Research aims to reduce strokes caused by tiny air bubbles entering blood stream during heart surgery

Researchers from the University of Bristol are investigating how to reduce strokes and other brain problems following heart surgery, which can be caused by tiny air bubbles left in the bloodstream after opening the heart. These tiny air bubbles stop blood getting to part of the brain.

Stroke is one of the most devastating complications following heart surgery but is rare (about one in 100 people having heart surgery). More commonly (almost one in two people having heart surgery), people notice small changes in their thinking – most of these are short-term, but some can last longer.

It is thought that putting carbon dioxide around the heart when it is being operated on can reduce the amount of tiny air bubbles getting into the blood stream, since carbon dioxide dissolves in the bloodstream more easily than air.

The study, led by Dr Ben Gibbison and researchers from Bristol Heart Institute and the Bristol Trials Centre, plan to find out if this is true, and how effective it is.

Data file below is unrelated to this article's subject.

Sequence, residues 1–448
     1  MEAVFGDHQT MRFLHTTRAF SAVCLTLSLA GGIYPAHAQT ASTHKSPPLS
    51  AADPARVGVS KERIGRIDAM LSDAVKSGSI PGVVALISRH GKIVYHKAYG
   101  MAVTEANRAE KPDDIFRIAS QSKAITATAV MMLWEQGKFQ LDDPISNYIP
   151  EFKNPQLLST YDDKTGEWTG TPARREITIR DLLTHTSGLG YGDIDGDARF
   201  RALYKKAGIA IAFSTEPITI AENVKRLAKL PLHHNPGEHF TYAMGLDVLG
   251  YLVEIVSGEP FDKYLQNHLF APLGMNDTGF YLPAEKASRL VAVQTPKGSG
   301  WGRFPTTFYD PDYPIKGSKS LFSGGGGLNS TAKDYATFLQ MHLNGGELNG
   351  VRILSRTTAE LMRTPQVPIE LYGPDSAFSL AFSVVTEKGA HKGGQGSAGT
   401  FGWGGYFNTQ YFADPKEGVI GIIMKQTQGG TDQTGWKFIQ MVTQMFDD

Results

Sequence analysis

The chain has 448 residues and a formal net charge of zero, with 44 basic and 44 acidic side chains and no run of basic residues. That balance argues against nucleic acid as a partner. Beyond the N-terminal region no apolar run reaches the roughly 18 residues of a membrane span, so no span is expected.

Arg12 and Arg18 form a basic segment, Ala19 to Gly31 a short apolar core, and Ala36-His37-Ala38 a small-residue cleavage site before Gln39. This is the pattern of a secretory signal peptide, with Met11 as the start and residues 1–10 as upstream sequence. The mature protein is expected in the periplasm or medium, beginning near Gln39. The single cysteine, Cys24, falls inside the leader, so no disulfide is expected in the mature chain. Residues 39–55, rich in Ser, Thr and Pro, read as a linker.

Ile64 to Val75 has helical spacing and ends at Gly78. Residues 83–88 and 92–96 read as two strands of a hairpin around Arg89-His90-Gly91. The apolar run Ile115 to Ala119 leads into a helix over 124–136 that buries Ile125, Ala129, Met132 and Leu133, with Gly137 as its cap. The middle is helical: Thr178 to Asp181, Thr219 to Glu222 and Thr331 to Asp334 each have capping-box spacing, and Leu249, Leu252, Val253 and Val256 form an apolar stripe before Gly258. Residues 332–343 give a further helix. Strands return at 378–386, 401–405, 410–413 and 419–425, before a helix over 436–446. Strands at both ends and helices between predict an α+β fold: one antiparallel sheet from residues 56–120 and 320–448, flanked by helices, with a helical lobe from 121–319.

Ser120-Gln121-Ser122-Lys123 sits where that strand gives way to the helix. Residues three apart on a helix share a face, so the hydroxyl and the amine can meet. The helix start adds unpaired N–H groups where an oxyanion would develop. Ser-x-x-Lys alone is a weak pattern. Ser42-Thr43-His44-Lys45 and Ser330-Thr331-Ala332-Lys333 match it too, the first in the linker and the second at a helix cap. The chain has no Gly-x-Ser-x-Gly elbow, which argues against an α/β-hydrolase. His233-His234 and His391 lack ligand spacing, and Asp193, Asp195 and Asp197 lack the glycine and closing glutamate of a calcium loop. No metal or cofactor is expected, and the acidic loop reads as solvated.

In this study, the researchers will compare carbon dioxide with medical air to see if it is effective in reducing strokes. Medical air is the same as the air around us and does not have any effects, so is the perfect placebo for the CO2 Study.

The researchers will randomise 704 participants from across the UK who are having open heart valve surgery to receive either carbon dioxide or medical air (placebo). Neither the participant, surgical team or research team will be aware of which intervention is being given.

The research started in October 2021 and is expected to produce results in April 2024. If CO2 is shown to be effective it could have wide-ranging impacts for the way heart surgery is done, and potentially increase survival rates and quality of life for people following surgery.

Dr Gibbison, Consultant Senior Lecturer in Cardiac Anaesthesia and Intensive Care at the University of Bristol, says: “If you come for heart surgery currently, you have a 50 per cent chance of getting CO2 in the wound. This study will tell us whether it is effective and everyone should use CO2 or whether it doesn’t work and we should stop using it.”

The CO2 Study, is funded by the National Institute for Health Research (NIHR) and sponsored by University Hospitals Bristol and Weston NHS Foundation Trust (UHBW).

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